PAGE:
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Travel still difficult in the northern Plains...Searchers look for wreckage of Russian plane...Czech presidents links migrants to terrorism

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CHICAGO (AP) — Winter weather continues to make travel difficult in the northern Great Plains. Forecasters say people in parts of North Dakota might not get a chance to start digging out from snow drifts until later today, after howling winds die down. Some roads in the Dakotas have been closed since yesterday. The storm has also caused widespread power outages.

SOCHI, Russia (AP) — Thousands of people have been searching the Black Sea for wreckage and victims of yesterday's crash of a military Russian plane. Russian authorities say some fragments of the plane have been found, but not the fuselage. The 92 people on board included dozens of singers in Russia's world-famous military choir, nine Russian journalists and a Russian doctor known for her charity work in war zones.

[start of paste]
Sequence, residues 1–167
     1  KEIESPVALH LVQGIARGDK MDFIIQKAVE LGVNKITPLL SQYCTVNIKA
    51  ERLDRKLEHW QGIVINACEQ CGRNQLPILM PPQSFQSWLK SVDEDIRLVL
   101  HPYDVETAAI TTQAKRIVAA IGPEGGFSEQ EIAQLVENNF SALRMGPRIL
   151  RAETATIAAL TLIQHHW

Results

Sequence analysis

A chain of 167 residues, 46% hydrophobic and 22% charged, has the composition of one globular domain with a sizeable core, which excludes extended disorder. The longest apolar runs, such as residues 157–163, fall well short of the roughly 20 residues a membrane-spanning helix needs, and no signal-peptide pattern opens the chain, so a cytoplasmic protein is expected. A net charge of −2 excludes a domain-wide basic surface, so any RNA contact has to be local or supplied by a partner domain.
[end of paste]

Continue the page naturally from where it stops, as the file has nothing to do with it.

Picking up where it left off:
PRAGUE (AP) — The Czech president is linking recent terror attacks in Europe to the influx of migrants escaping war-torn, poverty-stricken countries. He says "almost no one doubts the connection between the migration wave and terrorist attacks." And he says that in order to prevent attacks on Czech soil, the Czech Republic shouldn't take in migrants on a "so-called volunteer basis." It's an apparent reference to European Union efforts to distribute migrants across the continent.

BERLIN (AP) — Several hundred peace activists have set out on a protest march from Berlin to Syria. Organizers of the Civil March for Aleppo estimate it will take about three and a-half months, if they cover 12 miles a day. They plan to walk through Germany, the Czech Republic, Austria, Slovenia, Croatia, Serbia, Macedonia, Greece and Turkey. They hope to get at least as far as Turkey's border with Syria, if not all the way to Aleppo.

SOUTH KINGSTOWN, R.I. (AP) — If a costume designer ever wants to recreate a World War I era wraparound dress, a 1940s zoot suit or even a bodice from 1875, the sewing patterns are in Rhode Island. The University of Rhode Island has what experts say is the largest known collection of sewing patterns in the world. About 50,000 are on paper and 62,000 are in an electronic database. A former costume designer donated her personal collection to the university years ago, and now serves as the curator.

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